Roofs in South Florida continued to be repaired by the day in wake of Hurricane Irma, which unofficially is fifth-costliest hurricane on record as it swept through the Caribbean in September.
While recovery efforts in Florida are improving and daily life is returning back to normal, there are still thousands of people waiting for roofs in Puerto Rico after the devastation from Hurricanes Irma and Maria.
The Army Corps of Engineers has installed just under 20,000 permanent and temporary roofs in Puerto Rico as part of “Operation Blue Roof,” but still close to 50,000 applications for help remain and the process to construct roofs isn’t getting any faster after a dispute over a government contract.
Officials from the Corps told CNN they attempted to hire more contractors to pick up the pace, but it was interrupted by bidders who were not selected for the federal business.
While the Corps is still working to smooth out the bidding dispute and restart the work (installing 400 roofs per day with hope of doubling to 800), its slow work in a disaster zone has been criticized by locals needing help.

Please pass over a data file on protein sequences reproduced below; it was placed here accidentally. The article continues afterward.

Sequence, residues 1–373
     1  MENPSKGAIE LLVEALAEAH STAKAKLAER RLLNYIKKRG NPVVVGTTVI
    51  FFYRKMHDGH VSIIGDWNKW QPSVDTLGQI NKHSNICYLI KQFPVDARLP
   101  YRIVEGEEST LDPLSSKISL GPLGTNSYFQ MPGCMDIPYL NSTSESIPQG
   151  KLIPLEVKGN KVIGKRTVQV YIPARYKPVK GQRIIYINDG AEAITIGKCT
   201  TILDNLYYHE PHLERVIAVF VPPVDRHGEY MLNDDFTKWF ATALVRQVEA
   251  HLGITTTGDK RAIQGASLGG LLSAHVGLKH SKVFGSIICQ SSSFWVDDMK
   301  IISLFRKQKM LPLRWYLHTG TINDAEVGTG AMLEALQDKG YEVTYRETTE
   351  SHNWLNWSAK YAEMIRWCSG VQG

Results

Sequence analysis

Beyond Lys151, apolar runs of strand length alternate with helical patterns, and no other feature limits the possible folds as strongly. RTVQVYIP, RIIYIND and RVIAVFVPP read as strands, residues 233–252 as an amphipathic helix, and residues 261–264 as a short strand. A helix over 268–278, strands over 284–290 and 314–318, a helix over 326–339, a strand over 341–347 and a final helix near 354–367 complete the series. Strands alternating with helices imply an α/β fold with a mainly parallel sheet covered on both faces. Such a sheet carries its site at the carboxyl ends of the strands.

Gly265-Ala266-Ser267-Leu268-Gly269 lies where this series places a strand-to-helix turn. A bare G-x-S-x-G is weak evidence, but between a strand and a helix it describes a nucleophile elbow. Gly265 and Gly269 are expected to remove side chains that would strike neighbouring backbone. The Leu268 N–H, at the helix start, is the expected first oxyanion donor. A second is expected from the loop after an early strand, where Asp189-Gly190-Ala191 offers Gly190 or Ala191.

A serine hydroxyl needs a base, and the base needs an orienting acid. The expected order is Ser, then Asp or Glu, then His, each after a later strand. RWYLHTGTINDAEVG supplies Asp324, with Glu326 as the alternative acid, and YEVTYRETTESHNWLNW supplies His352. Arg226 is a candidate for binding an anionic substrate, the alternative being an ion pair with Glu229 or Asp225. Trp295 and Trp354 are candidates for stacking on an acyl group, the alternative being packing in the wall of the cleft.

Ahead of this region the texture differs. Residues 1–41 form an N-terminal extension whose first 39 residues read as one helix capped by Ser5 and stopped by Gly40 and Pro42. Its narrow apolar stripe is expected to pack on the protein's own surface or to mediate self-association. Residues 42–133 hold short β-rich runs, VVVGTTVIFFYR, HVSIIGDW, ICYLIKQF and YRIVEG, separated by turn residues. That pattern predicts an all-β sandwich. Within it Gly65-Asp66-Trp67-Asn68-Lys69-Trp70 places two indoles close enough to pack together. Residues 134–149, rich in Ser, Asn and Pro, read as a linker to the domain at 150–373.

“We understand that people are living in tough situations, but it’s important for your readers to know we are working as hard as we can — 12-hour days, seven days a week,” Patrick Loch, a spokesman for the Corps told CNN. “We continue to look for contractors to up our numbers.”
The contract in question is a $93-million deal with Power & Instrumentation Services Inc. and Ceres Caribe Inc.
“Nobody did anything wrong. There’s no smoke,” Loch said. “It’s just the process of the awarding of contracts. We have to go through that process. It’s the way it works. When someone disputes the award, there’s a process, and we’re in that process right now.”
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